Derren Brown from Bullied Queer Boy to Mind Reader Extraordinaire

By Danny Tye

Derren Brown entered the world of magic and illusion by sheer coincidence. Growing up in Purley in the 1970s – in his own words, ‘the epitome of middle-class suburbia’ – he attended the private Whitgift School, which boasts eminent scientists, CEOs, bishops, and military chiefs of staff amongst its alumni’s ranks. At Whitgift, he described himself as having been a ‘magnet’ for bullying, with one notable incident occurring at an awards trip where he was beaten up by a fellow pupil. 

It was while embarking on a straight-laced academic career, studying Law and German at the University of Bristol, that he had his first chance encounter with the realm of hypnosis. As Brown describes it, it was a performance by hypnotist Martin S. Taylor that ‘tickled a part of me that I hadn’t realised needed tickling’, and his experience of adolescent antagonism was part of what thrust him to pursue hypnosis as a career. The ‘untouchable persona’ that magic provided him with, allowing him complete control over people that he previously would have found intimidating, was enough emotional catharsis for him to start working as a conjuror alongside his studies. He took the stage name Derren V. Brown, with the V standing for ‘Victor’. 

After graduation, Brown spent ten years developing his skills while living in Bristol. According to the ‘About’ section of his website, during this time ‘he liked to wear a cloak and, with the luxury of hindsight, suspects he was a bit of a dick’. Regardless, this decade of self-refinement paid off, and in 1999 he was commissioned by Channel 4 for a series of three TV specials. This formed the basis for the six-part series Mind Control, which ran between 2001 and 2002 and involved Brown showcasing his skills of psychological manipulation and showmanship. The series, which included such feats as persuading a dog-track teller to accept a losing ticket and pay out false winnings, served as the springboard for Brown into an illustrious, though controversial career.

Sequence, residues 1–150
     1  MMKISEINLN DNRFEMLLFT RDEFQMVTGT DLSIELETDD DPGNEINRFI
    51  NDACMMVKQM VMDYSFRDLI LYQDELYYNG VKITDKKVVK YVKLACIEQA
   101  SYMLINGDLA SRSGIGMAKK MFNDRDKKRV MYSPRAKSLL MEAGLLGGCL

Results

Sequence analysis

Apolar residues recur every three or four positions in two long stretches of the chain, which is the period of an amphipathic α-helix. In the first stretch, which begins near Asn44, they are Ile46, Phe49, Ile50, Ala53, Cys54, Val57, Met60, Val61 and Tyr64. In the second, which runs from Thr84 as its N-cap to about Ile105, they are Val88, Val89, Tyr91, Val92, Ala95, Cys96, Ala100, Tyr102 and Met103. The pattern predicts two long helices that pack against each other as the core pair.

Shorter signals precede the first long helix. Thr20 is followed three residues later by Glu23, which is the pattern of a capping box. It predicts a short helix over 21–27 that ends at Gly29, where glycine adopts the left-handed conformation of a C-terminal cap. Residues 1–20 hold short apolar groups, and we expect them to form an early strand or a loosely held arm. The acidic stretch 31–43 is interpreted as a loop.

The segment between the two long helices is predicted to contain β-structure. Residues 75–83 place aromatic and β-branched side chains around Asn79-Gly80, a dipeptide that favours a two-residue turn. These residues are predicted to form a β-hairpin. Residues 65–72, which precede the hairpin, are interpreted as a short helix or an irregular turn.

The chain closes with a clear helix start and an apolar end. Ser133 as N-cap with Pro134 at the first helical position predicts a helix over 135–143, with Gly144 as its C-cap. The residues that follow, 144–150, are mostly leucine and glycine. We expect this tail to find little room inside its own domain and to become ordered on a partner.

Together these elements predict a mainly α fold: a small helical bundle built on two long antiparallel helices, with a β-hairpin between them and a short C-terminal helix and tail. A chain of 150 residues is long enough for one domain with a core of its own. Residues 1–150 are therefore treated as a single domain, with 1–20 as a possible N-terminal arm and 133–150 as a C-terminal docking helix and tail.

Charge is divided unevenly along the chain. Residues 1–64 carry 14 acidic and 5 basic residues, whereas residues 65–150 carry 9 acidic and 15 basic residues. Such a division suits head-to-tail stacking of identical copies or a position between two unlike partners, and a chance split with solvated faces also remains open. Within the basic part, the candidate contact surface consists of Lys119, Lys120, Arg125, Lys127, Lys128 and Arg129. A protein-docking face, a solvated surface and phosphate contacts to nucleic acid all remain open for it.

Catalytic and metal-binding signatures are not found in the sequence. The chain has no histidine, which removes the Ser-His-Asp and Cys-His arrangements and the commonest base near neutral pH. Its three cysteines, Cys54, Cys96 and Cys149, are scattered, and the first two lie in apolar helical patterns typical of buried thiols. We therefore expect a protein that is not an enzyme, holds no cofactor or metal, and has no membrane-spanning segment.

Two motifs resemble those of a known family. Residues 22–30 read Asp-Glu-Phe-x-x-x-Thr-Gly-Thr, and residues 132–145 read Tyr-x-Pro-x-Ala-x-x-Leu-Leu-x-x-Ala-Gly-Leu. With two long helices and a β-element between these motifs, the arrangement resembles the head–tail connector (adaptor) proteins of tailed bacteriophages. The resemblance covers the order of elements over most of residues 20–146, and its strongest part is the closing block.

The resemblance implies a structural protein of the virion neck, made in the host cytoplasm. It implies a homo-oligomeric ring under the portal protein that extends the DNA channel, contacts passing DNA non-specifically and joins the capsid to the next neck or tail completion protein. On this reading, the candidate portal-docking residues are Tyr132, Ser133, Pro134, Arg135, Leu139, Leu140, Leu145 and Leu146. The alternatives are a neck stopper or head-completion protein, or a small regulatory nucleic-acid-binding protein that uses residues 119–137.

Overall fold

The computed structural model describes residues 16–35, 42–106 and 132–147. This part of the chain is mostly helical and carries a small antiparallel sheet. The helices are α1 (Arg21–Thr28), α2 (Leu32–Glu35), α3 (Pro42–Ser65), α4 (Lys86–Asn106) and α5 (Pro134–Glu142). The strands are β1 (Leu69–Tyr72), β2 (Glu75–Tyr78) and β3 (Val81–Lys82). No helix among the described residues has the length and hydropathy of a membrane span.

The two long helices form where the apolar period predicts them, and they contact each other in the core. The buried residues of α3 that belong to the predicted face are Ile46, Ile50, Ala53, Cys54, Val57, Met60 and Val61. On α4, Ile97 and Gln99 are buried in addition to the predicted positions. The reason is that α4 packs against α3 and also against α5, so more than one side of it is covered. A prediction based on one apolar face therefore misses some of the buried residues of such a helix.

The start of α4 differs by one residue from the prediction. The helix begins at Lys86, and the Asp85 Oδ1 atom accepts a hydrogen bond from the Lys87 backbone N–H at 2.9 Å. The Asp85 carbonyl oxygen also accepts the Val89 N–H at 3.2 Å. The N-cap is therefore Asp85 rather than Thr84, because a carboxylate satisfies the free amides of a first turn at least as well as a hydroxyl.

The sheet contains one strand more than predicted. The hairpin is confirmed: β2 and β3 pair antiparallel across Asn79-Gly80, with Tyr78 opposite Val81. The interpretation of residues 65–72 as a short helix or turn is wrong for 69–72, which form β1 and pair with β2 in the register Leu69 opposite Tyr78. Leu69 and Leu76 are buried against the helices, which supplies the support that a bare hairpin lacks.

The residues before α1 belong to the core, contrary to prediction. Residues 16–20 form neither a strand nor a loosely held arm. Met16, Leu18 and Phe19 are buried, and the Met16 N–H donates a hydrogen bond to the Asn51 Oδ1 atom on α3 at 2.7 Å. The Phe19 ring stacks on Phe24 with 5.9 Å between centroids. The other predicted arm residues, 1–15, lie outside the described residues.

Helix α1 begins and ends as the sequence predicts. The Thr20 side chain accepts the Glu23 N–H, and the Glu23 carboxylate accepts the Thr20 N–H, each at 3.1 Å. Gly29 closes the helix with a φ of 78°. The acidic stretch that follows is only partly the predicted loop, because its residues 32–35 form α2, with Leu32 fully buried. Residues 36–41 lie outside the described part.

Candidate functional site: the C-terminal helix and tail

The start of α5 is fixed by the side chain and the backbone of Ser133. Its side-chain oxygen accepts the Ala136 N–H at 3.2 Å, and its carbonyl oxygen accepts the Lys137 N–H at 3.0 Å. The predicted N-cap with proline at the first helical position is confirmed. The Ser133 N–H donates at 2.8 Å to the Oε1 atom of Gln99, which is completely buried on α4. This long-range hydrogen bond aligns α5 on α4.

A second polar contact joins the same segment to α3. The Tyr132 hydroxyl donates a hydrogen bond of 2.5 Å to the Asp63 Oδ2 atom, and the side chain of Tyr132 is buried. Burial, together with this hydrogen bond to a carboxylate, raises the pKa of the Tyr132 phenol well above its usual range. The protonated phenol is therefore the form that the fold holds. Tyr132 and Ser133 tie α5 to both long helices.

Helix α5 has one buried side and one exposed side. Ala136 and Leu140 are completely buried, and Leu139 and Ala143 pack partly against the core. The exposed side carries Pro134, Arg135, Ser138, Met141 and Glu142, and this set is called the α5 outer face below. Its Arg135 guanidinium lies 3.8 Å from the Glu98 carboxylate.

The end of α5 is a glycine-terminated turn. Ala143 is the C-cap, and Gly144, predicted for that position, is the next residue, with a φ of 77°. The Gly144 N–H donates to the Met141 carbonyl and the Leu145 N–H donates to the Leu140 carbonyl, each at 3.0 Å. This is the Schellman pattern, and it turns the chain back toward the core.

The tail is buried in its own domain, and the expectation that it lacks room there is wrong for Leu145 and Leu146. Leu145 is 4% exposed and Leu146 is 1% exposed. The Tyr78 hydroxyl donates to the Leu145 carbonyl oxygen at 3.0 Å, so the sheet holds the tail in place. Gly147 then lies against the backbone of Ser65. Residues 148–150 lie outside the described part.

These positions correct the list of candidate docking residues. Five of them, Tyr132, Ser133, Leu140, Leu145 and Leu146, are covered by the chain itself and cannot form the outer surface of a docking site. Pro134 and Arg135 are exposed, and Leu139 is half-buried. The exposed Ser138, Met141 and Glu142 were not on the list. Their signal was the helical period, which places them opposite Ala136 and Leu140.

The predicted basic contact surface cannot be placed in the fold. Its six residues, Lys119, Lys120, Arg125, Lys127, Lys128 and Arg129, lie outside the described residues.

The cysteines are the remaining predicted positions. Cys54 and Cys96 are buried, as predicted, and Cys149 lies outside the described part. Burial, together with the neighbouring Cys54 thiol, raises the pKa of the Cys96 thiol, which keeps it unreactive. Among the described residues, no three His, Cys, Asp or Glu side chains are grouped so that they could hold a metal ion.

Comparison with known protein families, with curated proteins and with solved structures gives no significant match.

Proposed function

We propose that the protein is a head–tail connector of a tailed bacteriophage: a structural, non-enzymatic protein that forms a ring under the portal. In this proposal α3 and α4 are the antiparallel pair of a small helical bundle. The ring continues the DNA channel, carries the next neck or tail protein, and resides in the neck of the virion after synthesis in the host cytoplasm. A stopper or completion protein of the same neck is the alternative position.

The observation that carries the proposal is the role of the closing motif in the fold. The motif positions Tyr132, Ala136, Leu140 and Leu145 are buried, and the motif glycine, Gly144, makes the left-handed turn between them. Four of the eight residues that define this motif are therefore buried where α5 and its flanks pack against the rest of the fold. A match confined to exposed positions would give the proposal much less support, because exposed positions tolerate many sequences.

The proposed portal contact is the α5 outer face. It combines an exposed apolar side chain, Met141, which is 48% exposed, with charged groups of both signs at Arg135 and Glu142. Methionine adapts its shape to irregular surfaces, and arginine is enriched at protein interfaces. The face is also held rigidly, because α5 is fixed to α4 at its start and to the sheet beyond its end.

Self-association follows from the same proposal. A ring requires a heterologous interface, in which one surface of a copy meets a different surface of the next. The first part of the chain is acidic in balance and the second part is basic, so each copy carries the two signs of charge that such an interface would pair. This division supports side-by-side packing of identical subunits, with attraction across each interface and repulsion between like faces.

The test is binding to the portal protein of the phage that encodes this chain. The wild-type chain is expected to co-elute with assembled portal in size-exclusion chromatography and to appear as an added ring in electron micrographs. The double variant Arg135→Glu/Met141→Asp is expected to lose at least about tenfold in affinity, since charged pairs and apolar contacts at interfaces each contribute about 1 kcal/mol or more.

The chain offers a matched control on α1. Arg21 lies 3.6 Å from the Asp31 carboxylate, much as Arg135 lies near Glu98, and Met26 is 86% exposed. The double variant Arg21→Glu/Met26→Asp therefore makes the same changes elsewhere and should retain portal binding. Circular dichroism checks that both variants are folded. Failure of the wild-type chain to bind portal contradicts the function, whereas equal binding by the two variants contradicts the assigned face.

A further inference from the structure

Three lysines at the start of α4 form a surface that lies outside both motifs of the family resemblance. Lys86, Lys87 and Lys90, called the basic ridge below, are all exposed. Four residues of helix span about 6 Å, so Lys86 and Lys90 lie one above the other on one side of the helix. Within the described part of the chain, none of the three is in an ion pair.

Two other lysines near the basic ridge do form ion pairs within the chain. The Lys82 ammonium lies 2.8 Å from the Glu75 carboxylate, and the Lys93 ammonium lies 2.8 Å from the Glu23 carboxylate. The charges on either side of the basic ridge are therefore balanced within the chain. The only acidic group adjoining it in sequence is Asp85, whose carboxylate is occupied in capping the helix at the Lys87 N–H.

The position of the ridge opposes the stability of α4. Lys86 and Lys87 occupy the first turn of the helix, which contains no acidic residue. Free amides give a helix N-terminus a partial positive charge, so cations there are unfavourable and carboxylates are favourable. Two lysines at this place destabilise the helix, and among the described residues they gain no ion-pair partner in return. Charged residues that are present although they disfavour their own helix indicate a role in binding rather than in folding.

Soon after Mind Control came Russian Roulette, a 2003 special where Brown played the renowned game of chance with a volunteer, who was selected from 12,000 applicants. Senior police figures fumed at the risk Brown was creating of copycat events amongst the public, leading the police force in Jersey (where the special was filmed) to clarify that no live ammunition had been used. Brown himself seemed to appreciate the controversy, saying that, from the performer’s perspective, the public anxiety over how ‘real’ the danger was ‘lifts it to a level that I’m very comfortable with’. 

A series of highly-publicised stage shows and TV specials followed, including Séance, where Brown convinced a group of university students that they were being contacted by the spirits of a dead woman to shine a light on how susceptible people can be to mental manipulation. After the response to Séance from church groups and religious viewers turned it into the third most complained about show in British television history, Brown turned his attention to exposing the tactics of faith healers and new-age cult leaders. In his special Messiah, he used his expertise to convert (then de-convert) atheists to religion, utilising many of the same methods of psychological control common amongst America’s evangelical pastors.

Brown himself has experience with evangelical Christianity, stating that he followed the religion in his childhood and was involved with evangelical groups in university. While still in the closet as an undergraduate, he was invited to a conference led by conversion therapy practitioners which was ambushed by queer rights organisation Outrage! This, along with the ostracism he faced in response to his hypnotism work, led to him becoming disillusioned with evangelicalism.